Gibbons as guardians of nature in Myanmar
By MYAT MOE AUNG The Myanmar Times Wednesday 3 JUL 2018
Gibbons are key indicator species for conservation. Photo – Supplied
There are nearly 300 recorded mammal species in Myanmar.
Of this number, gibbons stand out because of their ability to vocalise beautiful natural songs. This ability is an almost irresistible attraction to tourists who are interested in wildlife and nature.
Sometimes referred to as “forest engineers” because they disperse seeds in the forest, gibbons are key indicator species for conservation.
In Myanmar, one of the few countries in the world where gibbons are found, there are three species – the eastern hoolock gibbon, western hoolock gibbon, the lar gibbon and white-handed gibbon.
Of the three species, the western hoolock gibbon and the lar gibbon are categorised as endangered on the International Union for Conservation of Nature’s red list. The eastern hoolock gibbon is categorised as vulnerable.
The western and eastern hoolock species are divided territorially by the Chindwin River.
The main threats to gibbons in Myanmar are overexploitation of forests, illegal hunting, and mining. According to the Wildlife Conservation Society (WCS), all this is causing the country’s gibbon population to drop.
“Gibbons in Myanmar also face the threat of being captured and sold as pets,” said Ko Htet Wai Aung, a project assistant at WCS Myanmar.
“People believe that if gibbons vocalise in the morning, the weather for the day will be pleasant, but if they sing in the evening the weather will change,” said Ko Htet Wai Aung.
“We can hear their songs from as far as six kilometers away, and it can be very pleasant,” said Ko Moe Aung, a resident in Putao.
The eastern hoolock gibbon is normally found in territory east of the Chindwin River. Populations of the species can be found in the Hponkanrazi Wildlife Sanctuary, Hukaung Valley Wildlife Sanctuary, Htamanthi Wildlife Sanctuary and Mahamyaing Wildlife Sanctuary. The species’ territory extends into China.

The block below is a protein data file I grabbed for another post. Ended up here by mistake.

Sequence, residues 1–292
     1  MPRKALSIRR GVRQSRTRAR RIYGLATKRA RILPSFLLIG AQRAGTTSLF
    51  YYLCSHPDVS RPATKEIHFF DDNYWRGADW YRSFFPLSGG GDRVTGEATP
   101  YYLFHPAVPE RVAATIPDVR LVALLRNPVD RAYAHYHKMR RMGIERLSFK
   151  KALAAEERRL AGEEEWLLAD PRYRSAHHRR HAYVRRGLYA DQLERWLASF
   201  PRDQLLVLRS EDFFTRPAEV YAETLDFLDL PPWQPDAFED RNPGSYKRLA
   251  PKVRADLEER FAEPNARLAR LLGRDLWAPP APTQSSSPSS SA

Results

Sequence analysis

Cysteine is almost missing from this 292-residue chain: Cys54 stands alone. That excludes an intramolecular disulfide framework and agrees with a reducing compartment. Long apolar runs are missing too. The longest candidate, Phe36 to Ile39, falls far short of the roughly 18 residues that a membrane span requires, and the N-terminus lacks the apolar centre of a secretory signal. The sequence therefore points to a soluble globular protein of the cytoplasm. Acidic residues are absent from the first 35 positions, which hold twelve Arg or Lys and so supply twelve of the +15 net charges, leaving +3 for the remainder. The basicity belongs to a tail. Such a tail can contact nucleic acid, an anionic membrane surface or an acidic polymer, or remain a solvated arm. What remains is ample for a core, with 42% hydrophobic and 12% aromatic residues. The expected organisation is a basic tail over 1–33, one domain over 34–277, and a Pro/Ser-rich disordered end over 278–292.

The western hoolock gibbon can be found in Hukaung Valley Wildlife Sanctuary, the Naga Range, the hills of Chin State and Rakhine State and parts of India and Bangladesh. Lar gibbons can be seen in southern Myanmar and Shan State.
They are also found in Thailand, Laos, and Indonesia.
“Some people believe eating the head of a gibbon will cure headaches. A live gibbon can fetch as much as K100,000. It is difficult to arrest poachers, some of whom will even take baby gibbons. This puts the population under even more pressure,” Ko Moe Aung says, adding that gibbons play an important role as indicators of forest health and are crucial for sustainable eco-tourism.
Ko Htet Wai Aung agreed, saying a healthy gibbon population can lead to better tourism development.
At present, gibbon conservation is actively carried out in Hponkanrazi Wildlife Sanctuary in Putao district, Kachin Satate. The programme has been jointly run by the scientific journal Nature, Myanmar’s Wildlife Conservation Division and the WCS since last May. The project is also supported by international environmental organisation Global Environment Facility, said WCS officials.
“Gibbon population surveys can contribute to the better management of wildlife sanctuaries since the numbers are a clear indicator of the health of the forest ecosystem in a sanctuary and the level of illegal hunting,” said U Thein Htay, a park warden at Hponkanrazi Wildlife Sanctuary.
From: THE MYANMAR TIMES (Myanmar) Wednesday July 4, 2018